So goes the cathartic exchange running between Isis Brooks D’Shey, the Divine Drag Mother who hosts Sinful Sundays upstairs at Tabu Lounge and Sports Bar, and her mostly queer audience of about 20 as the night slides into Valentine’s Day.
Last Sunday marked the third weekly run of the up-and-coming show, set in the new Gayborhood venue’s intimate bar and lounge area. Admission is only $5, and comes with a free drink ticket, plus Happy Hour prices ... until midnight.
Tonight’s theme: Love and Anti Love, complete with dramatic lipsyncing and a shot at winning free alcohol for the heartbroken, the eternally committed and anyone dying for an emema of the soul.
“Participate in your recovery, or else you’re gonna get nowhere, honey,” the goddess drawls in her native Tennessee accent from the front of the room, like the “good Southern Christian girl” she claims to be. She’s corseted and draped in layers of black, a fleshy cross branded into her chest (yes, branded—Isis heated a crucifix on a skillet and pressed it between her breasts, producing a scar she plans to tattoo around at a later date), and sipping a shot of Jack Daniels.
Ranging from the awesomely passionate to the wildly campy, Isis and her hand-selected team—local queens Omyra Lynn, Diana Dharling and special guest Mrs. P—inject the best facsimile of real life into stories of women being walked out on or vindicated this side of a Women’s Studies department.
In a superb solo number, Isis, the would-be preacher who got her B.A. in Seminary Theology, gyrates in a nun’s habit and padded baby bump, which she alternately rubs and thrusts to the undulations of Madonna’s “Papa Don’t Preach.”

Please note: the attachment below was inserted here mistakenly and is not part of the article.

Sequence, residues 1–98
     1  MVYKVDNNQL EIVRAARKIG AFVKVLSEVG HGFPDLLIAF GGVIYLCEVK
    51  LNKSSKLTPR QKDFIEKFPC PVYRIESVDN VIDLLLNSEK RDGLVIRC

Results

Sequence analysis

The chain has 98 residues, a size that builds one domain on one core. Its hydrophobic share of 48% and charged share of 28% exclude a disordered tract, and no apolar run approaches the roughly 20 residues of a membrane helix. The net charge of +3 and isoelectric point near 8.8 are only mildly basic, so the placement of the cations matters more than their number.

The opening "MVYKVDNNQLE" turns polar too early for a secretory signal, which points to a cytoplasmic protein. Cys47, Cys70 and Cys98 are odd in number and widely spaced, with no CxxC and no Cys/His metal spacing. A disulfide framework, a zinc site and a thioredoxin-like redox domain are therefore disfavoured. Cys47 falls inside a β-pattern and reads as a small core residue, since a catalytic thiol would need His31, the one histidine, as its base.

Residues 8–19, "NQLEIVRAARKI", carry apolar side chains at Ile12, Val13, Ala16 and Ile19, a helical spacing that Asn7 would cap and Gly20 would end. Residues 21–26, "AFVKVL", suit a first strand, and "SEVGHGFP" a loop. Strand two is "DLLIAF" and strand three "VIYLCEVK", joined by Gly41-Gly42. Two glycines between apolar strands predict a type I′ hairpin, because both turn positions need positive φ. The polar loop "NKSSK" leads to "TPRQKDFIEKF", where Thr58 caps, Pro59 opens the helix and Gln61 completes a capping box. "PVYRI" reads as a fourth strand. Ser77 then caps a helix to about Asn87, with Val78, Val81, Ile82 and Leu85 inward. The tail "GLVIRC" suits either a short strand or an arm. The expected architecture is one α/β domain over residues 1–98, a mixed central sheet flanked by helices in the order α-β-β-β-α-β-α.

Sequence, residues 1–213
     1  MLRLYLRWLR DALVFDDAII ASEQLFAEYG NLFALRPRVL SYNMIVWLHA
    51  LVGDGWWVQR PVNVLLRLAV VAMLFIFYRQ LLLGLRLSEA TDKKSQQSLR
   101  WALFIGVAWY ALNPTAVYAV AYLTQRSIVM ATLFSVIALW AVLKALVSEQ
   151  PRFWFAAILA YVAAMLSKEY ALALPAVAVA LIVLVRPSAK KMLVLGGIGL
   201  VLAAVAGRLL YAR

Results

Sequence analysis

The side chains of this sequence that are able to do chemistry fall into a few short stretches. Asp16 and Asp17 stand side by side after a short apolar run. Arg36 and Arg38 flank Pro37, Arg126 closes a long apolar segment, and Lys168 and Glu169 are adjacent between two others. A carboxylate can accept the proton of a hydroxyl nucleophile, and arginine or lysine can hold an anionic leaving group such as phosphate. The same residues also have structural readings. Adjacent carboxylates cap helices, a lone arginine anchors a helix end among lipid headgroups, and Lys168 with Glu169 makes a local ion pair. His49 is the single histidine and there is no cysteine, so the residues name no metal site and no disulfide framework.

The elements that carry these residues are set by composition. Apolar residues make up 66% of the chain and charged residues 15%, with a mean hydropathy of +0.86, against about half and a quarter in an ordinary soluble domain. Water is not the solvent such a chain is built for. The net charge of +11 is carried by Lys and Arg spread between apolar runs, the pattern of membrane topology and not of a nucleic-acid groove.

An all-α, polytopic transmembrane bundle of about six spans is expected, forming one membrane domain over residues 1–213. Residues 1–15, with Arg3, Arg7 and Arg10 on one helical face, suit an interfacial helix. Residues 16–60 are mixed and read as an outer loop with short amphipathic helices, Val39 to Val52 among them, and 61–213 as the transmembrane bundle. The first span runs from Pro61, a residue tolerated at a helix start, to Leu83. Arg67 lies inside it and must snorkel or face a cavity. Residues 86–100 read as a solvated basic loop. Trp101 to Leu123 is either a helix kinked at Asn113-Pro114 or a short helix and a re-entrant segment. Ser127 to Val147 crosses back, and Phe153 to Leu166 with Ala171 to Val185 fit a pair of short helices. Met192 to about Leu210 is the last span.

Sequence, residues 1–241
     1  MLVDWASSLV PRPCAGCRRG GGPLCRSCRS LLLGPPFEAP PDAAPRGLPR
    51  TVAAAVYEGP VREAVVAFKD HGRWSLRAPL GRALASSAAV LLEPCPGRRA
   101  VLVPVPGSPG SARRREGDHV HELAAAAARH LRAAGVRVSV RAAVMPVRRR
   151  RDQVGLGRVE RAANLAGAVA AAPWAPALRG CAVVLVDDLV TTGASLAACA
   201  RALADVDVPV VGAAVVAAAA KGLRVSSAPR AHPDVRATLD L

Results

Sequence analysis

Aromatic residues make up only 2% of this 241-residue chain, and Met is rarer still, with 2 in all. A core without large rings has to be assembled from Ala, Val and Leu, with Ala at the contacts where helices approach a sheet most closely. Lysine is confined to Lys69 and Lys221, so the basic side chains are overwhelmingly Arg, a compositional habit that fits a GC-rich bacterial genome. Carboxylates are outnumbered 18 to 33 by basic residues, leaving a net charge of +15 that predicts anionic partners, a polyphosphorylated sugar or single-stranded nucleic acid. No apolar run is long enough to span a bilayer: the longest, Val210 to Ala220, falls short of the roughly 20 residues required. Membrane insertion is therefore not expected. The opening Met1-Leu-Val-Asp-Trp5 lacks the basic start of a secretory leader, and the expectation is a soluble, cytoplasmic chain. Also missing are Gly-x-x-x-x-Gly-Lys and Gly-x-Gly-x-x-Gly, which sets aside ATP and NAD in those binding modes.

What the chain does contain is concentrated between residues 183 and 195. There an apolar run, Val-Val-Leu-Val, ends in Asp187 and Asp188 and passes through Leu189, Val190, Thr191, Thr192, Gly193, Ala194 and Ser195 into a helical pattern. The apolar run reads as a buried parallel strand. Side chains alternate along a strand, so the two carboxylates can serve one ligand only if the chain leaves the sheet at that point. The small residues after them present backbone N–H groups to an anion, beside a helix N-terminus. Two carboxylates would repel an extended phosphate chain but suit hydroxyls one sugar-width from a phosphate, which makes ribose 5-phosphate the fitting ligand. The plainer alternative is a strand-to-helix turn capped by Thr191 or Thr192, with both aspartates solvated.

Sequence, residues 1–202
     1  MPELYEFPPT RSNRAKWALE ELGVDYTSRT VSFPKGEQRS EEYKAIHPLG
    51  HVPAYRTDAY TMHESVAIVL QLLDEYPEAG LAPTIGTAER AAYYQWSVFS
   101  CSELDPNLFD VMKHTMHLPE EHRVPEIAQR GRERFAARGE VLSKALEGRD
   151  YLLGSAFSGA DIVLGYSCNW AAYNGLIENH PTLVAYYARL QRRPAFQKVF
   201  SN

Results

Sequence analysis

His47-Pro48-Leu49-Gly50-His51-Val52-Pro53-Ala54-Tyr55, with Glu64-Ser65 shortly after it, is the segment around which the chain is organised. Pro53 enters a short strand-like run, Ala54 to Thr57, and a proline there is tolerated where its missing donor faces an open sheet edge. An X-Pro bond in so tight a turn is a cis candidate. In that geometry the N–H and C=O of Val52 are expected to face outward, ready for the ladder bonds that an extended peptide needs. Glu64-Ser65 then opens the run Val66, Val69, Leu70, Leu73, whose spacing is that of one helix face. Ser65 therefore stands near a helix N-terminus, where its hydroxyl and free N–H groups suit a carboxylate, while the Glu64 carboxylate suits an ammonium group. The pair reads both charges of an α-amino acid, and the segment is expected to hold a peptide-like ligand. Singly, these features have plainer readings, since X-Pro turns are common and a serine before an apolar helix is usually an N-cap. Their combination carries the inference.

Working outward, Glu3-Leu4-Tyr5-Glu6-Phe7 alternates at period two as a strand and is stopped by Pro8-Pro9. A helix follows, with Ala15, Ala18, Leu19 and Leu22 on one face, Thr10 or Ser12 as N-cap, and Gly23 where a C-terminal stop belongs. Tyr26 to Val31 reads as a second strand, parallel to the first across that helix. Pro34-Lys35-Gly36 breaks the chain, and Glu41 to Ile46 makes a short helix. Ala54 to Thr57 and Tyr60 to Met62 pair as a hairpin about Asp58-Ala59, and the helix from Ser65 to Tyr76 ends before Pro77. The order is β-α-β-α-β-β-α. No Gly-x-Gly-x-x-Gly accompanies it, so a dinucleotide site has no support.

The coquettish Dharling, “Philadelphia’s Broadway Sweetheart,” sprinkles “cocaine” on her arm to the tune of Avenue Q’s “There’s a Fine, Fine Line,” before dumping the contents of the baggie on her head. But Northeast-born black temptress Omyra Lynn, the youngest and most girlish of the foursome, channels her deepest pain as she pleadingly motions the explosion of her heart toward the crowd along to the heartbreak of Danity Kane’s pop anthem “Damaged.”
This display of unbridled passion comes at the right time, although for a more serious reason. According to bartender Patrick DeMarco, drag mecca Q Lounge (formerly Bump) is scheduled to shut its doors, and Philly’s tight-knit drag scene is preparing to take a powerful hit.
But as one venue dies, many more begin to crop up in unexpected places. Drag is having a revival in the City of Otherly Love, says longtime fixture on the scene, Solatta Tee. “Old is new again. There’s a new, better drag developing. It’s no longer ‘I’m the shit;’ it’s more rehearsed. [They’re] performing for the people, not for themselves.”
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